And then there’s the whole long-term complications thing. I know you should look after yourself, but there’s no guarantees. There are sometimes when I do get stressed out about it… The friend that I mentioned, she does everything wrong and has had zero repercussions from it. She has no complications or anything. It just seemed a bit unfair (Female, 30).

I have necrobiosys in my arm and I think whenever my sugars are high I can see that worsening. It seemed a bit unfair. I was trying to do everything right. It just seems very unfair. I’d always try to take care of my sugars and do a bit better (Female, 30).

Negative media representations

Media representations of Type 1 diabetes were a source of anger to a small number of interviewees. These interviewees felt the media representations of Type 1 were invariably predicated upon tragic models of illness, usually featuring older people struggling to live with the consequences of complications. Interviewees were quite angry about the absence of positive (or even balanced) media representations of Type 1 diabetes.

People like, articles and news reports tend to go with worse case scenarios and it’s scary. There are sometimes when I do get stressed out about it. There was one programme and they had some poor guy and he lost half a foot. I was like ‘Jesus Christ’. Then there was some poor woman and while they were filming it she died. I was like ‘holy crap’. It was very extreme. I don’t want to be told that by the time I get to 60 I’m going to have one leg and be blind. (Female, 30).


Pregnancy-related concerns were common amongst female interviewees. Interviewees were particularly concerned about miscarrying and the risk of having large babies, and the effects that this largeness could have on their own health and on their baby’s. Interviewees were also afraid that they would become pregnant during a period where they had poor control.

The whole idea of having a baby was going to be a new experience and really exciting and now for me it’s really dampened by the fact that I’m going to be even more conscious of my diabetes (Female, 30).

What’s the point in trying when I could have a miscarriage. I think its 60/40 that I’ll have a miscarriage more times than I’d actually have a baby. It does my head in basically (Female, 24).

Managing distress

Interviewees used a number of strategies to manage diabetes-related distress. One was to avoid- as far as possible- thinking about the negative aspects of diabetes. A reason why interviewees appeared to became so annoyed at negative media representations of diabetes because they disrupted their attempts to focus on the positives.

I think a lot of time so much is focused on the negatives and I don’t really like to think about that (Female, 23).

I do think it would be good to look at the positive, success stories, if there are any (Female, 30).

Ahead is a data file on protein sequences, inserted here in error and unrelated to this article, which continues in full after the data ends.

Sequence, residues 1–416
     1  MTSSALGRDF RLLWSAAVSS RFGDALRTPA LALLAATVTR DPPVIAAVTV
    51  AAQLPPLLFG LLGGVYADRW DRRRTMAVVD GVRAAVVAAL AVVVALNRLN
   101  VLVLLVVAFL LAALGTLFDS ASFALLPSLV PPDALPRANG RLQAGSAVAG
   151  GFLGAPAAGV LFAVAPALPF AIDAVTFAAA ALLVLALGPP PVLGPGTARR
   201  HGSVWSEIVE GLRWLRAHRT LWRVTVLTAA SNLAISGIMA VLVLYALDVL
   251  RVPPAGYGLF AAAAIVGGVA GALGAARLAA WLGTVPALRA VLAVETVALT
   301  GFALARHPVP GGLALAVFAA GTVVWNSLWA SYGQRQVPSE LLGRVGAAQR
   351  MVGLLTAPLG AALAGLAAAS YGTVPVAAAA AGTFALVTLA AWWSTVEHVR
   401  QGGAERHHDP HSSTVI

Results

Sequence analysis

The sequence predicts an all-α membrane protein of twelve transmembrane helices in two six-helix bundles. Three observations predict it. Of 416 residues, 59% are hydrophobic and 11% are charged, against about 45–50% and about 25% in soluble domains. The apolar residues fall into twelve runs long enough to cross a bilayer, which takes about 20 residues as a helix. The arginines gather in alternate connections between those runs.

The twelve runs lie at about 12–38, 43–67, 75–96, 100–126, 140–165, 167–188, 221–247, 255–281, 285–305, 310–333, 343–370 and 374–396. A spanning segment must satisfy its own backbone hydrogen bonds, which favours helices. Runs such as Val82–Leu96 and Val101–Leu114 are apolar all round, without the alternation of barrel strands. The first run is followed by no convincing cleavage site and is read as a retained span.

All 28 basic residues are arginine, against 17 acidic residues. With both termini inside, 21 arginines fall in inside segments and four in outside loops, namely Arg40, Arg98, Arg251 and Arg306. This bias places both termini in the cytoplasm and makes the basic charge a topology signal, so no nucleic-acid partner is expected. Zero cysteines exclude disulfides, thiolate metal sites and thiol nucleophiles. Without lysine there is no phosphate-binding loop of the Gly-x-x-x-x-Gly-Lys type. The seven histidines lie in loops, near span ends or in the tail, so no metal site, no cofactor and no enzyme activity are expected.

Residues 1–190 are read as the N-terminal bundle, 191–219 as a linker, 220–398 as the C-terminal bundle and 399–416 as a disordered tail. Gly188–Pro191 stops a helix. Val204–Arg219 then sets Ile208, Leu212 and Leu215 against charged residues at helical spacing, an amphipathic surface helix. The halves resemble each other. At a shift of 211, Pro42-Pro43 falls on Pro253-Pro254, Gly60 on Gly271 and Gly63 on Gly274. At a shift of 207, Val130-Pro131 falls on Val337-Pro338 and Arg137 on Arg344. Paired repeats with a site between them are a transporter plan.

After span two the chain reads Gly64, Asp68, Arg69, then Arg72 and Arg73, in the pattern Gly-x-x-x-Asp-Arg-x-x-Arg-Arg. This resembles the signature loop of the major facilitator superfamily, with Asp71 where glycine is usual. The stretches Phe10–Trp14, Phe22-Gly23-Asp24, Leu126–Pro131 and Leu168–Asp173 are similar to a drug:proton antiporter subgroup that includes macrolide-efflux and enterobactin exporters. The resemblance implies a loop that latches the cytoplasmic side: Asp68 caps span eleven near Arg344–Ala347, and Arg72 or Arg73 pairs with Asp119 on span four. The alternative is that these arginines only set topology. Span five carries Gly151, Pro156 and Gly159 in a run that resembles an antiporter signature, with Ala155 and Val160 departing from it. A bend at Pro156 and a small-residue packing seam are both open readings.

Interviewees also made downward comparisons with people who they considered to be less fortunate than themselves, which served to represent their own circumstances in a more positive light. Some interviewees compared their current diabetes management practices with their past practices in order to demonstrate that their diabetes management had improved with time and they were on an upwards rather than downwards trajectory (this helped to manage fears about the future and developing complications).

Well there’s no real point in moping around, ‘oh God, poor me’. Just get on with it. There’s people way worse off. There are way worse diseases than diabetes (Male, 30)

For years I didn’t test at all so I’m like, at least I’m testing. To me it’s ok. It could be better but it’s ok (Female, 30).

Another strategy was to put a sustained, conscious effort into seeking to develop increased control over diabetes, for example through acquiring diabetes technologies such as CSIIs or seeking to go on structured diabetes education courses. Knowledge acquired from structured courses seemed to help to empower interviewees, helped them to feel that diabetes management problems were errors that could be fixed rather than the outcomes of personal failings, which in turn ameliorated feelings of guilt and frustration.

I’m a lot more relaxed about it than I had been. Like I was constantly frustrated about it, why isn’t it working. But now [since the structured education course], if it’s high, before I would have gotten really annoyed and sometimes even upset if my sugars were high but now I go, ok obviously I miscalculated how much that piece of cake was and then I learn from that (Female, 30)

Social support from healthcare professionals

One strategy for managing diabetes-related distress was present in most young adults’ accounts, and therefore we will consider it in more detail here. That solution was to obtain diabetes-related social support, which young adults received from three main sources: healthcare professionals, family members and peers with diabetes.